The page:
Medical Care FAQ

The following offers a general picture of what you may expect when seeking medical care after sexual abuse, and is not to be substituted for the advice of a medical professional.

Where Do I Go for Medical Care?
Two sites in Tippecanoe County offer the forensic sexual assault exam ("rape kit"), through which evidence is collected: 
These facilities have special health care providers called S.A.N.E.s (Sexual Assault Nurse Examiner). A S.A.N.E has received intensive training on evidence collection, and care for patients who have experienced trauma related to sexual assault.

Do I Have to Report Sexual Violence to the Police? 
For children under 18 years of age, the Department of Child Services must be informed of the abuse, and it is possible the police will get involved.
For adults 18 and older (except for "endangered" adults) having a forensic sexual assault examination does not require that you make a police report. 
Contacting the police is completely up to you.
During an exam at either St. Elizabeth or Purdue PUSH, the S.A.N.E nurse will ask if you want to contact the police, or if you want to wait and keep your exam results anonymous for now.
If you do not feel ready to involve the police, your evidence will be labeled with a number, rather than with your name. The evidence will then be
 sent to local law enforcement, who are required by law to keep your evidence kit for one year.
If you decide that you want to file a police report, you can provide the police with the date and location of your exam. The police will then contact the medical facility for your information.

Do I Really Need to See a Doctor?
Medical care is generally recommended for a person who has experienced sexual assault regardless of their age, gender, or the identity of the perpetrator. Seeking medical attention is important for several reasons. For instance, you may have been injured in ways that you are unaware of, that could become more serious if left untreated.
In addition, even if the sexual assault occurred several weeks or months ago, seeking medical care is important so that you can be screened for sexually transmitted infections (STIs) and receive appropriate treatment.

What If It Was Something Other Than Rape?
Sexual assault is the term used to describe many forms of sexual abuse, including (but not limited to) anal or vaginal rape, oral penetration, use of objects, touching, etc.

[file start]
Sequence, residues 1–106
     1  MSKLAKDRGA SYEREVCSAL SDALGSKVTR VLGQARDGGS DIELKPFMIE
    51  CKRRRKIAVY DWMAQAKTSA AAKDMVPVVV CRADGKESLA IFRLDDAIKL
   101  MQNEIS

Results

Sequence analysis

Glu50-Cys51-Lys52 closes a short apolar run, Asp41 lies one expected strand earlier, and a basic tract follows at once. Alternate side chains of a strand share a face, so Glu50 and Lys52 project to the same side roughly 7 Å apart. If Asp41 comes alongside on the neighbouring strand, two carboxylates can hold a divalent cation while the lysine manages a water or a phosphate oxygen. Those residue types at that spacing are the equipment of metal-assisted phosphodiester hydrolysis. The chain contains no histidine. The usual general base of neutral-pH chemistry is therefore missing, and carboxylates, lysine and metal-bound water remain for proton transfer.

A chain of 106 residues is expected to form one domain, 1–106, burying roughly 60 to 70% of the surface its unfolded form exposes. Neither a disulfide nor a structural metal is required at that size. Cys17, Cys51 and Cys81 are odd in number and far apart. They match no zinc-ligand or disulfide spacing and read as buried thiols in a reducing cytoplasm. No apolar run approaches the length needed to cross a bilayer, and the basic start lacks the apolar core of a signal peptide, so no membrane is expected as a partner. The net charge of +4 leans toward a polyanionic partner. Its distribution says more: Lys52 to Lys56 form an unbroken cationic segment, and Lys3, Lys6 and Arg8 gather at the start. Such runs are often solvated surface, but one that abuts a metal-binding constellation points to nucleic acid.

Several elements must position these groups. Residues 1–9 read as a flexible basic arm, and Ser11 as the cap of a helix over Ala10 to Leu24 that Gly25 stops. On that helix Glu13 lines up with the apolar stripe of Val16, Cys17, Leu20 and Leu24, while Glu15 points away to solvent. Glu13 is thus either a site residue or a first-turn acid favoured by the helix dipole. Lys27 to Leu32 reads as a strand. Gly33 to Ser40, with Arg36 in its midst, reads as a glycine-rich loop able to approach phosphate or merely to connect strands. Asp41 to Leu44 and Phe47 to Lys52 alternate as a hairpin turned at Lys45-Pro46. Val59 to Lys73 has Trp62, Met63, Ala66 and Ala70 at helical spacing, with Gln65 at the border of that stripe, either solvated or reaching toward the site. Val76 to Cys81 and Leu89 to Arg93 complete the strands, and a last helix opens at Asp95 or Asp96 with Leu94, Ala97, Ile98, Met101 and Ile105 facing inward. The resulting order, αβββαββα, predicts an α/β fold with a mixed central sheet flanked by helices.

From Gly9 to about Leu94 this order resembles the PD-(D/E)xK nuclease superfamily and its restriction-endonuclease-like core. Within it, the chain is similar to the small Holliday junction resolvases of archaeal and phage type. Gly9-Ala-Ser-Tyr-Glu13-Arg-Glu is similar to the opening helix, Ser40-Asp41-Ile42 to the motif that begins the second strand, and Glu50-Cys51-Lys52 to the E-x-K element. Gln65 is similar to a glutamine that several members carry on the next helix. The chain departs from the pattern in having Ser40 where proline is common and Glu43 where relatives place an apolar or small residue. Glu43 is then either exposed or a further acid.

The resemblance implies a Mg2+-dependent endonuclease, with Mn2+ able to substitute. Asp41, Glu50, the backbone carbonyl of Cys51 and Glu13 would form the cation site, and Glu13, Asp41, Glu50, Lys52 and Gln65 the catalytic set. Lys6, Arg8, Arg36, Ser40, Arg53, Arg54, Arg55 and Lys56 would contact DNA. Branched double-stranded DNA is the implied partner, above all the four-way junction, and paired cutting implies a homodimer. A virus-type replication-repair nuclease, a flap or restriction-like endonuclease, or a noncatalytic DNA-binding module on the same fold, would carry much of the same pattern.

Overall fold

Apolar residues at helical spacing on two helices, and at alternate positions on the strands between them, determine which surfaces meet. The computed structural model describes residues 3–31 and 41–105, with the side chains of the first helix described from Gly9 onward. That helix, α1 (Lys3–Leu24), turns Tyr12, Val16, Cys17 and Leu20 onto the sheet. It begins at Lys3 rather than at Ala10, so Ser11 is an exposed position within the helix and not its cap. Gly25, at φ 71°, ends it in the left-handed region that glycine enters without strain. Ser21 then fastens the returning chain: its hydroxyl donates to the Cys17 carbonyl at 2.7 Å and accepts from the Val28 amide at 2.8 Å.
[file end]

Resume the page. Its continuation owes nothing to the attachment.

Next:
forensic sexual assault examination is meant for anyone who has experienced sexual abuse that involved physical contact.

What if I Wait Too Long?
Some people who have waited to seek medical attention may wonder if DNA evidence can be collected.
Although the likelihood of collecting DNA is highest immediately after the sexual assault, the general guideline is that DNA can be collected up to 120 hours (5 days) after the incident. However, there have been some recorded cases where DNA has been collected two weeks after a sexual assault.
Therefore, it is recommended that you seek a forensic sexual assault examination ("rape kit") if the incident happened within the previous 14 days.

If the incident happened much longer than 14 days ago, seeking medical attention to treat physical injuries and/or potential STIs is still important for your overall health.

How Much Does a Forensic Sexual Assault Examination ("rape kit") Cost?
These exams are completely free, even if you do not have insurance. If you go to the Franciscan St. Elizabeth Health Center of Hope, the cost of the exam is paid for by the Indiana Victim Compensation Division. 
The hospital will fill these forms out for you. 
At Purdue PUSH, these exams are provided for free and will not show up on any billing statement on your student account.
Funding from the Victim Compensation Fund does not require that you file a police report. All that is required is that 1) the sexual violence was committed in Indiana,
and 2) you have a forensic sexual assault examination.


Do I Need an Appointment for a Forensic Sexual Assault Exam?
Franciscan St. Elizabeth-East:
Patients are seen on a walk-in basis, 24 hours a day.
When you arrive at Franciscan St. Elizabeth Health East hospital, go to the front desk in the Emergency Room. All you need to do is tell that person that you have experienced a sexual assault and want to see a SANE nurse who works in the Center of Hope. 

From there you will be taken to the ER where a physician will examine you for other physical injuries. Once any injuries have been addressed, a S.A.N.E nurse will come to take you to the Center of Hope room. Sometimes a S.A.N.E is not immediately available, however a S.A.N.E should be able to see you within a few hours.

Purdue PUSH: